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From The CriticsReviewer: Cynthia V. Sommer, PhD (University of Wisconsin-Milwaukee)
Description: This textbook provides an understanding of the molecular mechanism involved in bacterial-host interactions that can produce infectious disease. Introductory chapters on host-parasite relationships are followed by discussions of well studied microorganisms that provide models of infectious disease.
Purpose: The purpose is to present recent advances on the role of bacteria in causing disease at the molecular level. The book integrates the genetics, biochemistry, cell biology, and immunology of bacterial pathogenesis. The authors meet their objective by providing a current textbook on molecular models of infectious diseases.
Audience: This textbook is written for advanced undergraduate, graduate, and medical students interested in infectious disease. The book will be a useful resource for microbiologists and scientists from various disciplines. The clear writing style and didactic approach should meet the needs of the intended audience. The authors and the list of reviewers insure the accuracy and quality of the book.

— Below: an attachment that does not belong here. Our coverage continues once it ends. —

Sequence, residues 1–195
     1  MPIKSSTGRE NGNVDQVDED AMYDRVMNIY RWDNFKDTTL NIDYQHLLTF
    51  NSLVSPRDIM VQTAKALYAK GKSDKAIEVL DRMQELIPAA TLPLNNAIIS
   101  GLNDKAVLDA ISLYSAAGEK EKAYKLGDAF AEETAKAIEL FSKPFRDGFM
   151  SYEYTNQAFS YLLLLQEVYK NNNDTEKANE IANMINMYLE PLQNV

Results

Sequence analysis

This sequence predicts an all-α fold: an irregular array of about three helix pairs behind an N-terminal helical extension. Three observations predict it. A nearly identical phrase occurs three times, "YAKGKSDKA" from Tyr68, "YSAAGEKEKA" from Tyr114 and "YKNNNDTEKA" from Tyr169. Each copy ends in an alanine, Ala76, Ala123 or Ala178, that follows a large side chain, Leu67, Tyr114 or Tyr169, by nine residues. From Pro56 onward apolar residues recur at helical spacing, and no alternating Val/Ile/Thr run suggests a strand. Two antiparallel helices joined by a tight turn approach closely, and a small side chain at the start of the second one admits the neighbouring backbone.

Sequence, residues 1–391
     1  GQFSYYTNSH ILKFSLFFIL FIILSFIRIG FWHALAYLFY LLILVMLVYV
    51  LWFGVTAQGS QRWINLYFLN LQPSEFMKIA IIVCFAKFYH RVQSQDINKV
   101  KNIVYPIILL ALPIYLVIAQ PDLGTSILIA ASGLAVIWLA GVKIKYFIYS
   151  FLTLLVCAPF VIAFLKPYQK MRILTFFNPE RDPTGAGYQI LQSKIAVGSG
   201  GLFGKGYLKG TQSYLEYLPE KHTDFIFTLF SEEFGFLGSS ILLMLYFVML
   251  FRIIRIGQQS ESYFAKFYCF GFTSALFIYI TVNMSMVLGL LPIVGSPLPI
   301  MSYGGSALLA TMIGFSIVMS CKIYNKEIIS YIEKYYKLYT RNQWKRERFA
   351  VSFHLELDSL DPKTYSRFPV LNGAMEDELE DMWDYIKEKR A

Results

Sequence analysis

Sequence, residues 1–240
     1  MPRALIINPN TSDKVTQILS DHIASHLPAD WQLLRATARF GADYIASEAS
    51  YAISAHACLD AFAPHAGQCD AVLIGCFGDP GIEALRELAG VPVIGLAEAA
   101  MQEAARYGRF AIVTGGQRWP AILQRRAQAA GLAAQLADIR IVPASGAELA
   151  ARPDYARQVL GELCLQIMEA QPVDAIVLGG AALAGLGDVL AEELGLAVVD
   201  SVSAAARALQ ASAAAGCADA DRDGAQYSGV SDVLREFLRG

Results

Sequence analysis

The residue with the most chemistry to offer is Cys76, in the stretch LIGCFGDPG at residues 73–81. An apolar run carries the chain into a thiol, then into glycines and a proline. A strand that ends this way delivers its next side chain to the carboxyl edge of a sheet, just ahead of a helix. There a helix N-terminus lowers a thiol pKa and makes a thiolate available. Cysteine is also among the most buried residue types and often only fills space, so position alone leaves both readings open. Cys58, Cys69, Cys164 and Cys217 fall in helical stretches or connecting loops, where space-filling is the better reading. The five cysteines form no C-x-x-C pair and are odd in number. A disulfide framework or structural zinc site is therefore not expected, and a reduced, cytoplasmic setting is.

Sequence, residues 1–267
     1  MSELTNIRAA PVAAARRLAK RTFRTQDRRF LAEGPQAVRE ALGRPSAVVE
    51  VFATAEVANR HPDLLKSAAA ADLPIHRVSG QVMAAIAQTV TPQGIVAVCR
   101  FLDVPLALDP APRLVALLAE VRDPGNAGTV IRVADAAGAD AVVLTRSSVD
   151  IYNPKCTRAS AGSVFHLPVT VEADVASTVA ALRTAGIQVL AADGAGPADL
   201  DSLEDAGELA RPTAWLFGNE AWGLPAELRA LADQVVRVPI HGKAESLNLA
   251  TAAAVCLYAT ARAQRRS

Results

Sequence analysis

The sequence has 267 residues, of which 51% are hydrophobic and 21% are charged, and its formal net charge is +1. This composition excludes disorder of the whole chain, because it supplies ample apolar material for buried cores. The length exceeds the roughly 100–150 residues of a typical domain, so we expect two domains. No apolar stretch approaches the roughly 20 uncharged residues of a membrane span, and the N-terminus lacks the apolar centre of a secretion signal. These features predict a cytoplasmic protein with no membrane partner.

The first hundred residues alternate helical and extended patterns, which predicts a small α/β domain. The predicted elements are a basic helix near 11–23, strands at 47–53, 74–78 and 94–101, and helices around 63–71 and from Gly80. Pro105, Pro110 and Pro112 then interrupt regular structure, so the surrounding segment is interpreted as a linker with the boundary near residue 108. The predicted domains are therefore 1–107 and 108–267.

Features: Each chapter includes an introductory outline, summary, selected readings, and questions that stimulate critical thinking. The adequate number of illustrations are clear and support the text. The boxed highlights, the organization and content of the text should stimulate the interest of the reader. The appendixes that include bacterial structure, detection methods, answers to chapter questions, and a glossary provide the tools and information for readers with various levels of knowledge.
Assessment: This is a thoughtful and well-written textbook for students and professionals interested in infectious disease. The book supports and strengthens the shift in thinking in the current scientific literature about infectious diseases. This textbook fills a need for a current, concise molecular orientation to microbial pathogenesis .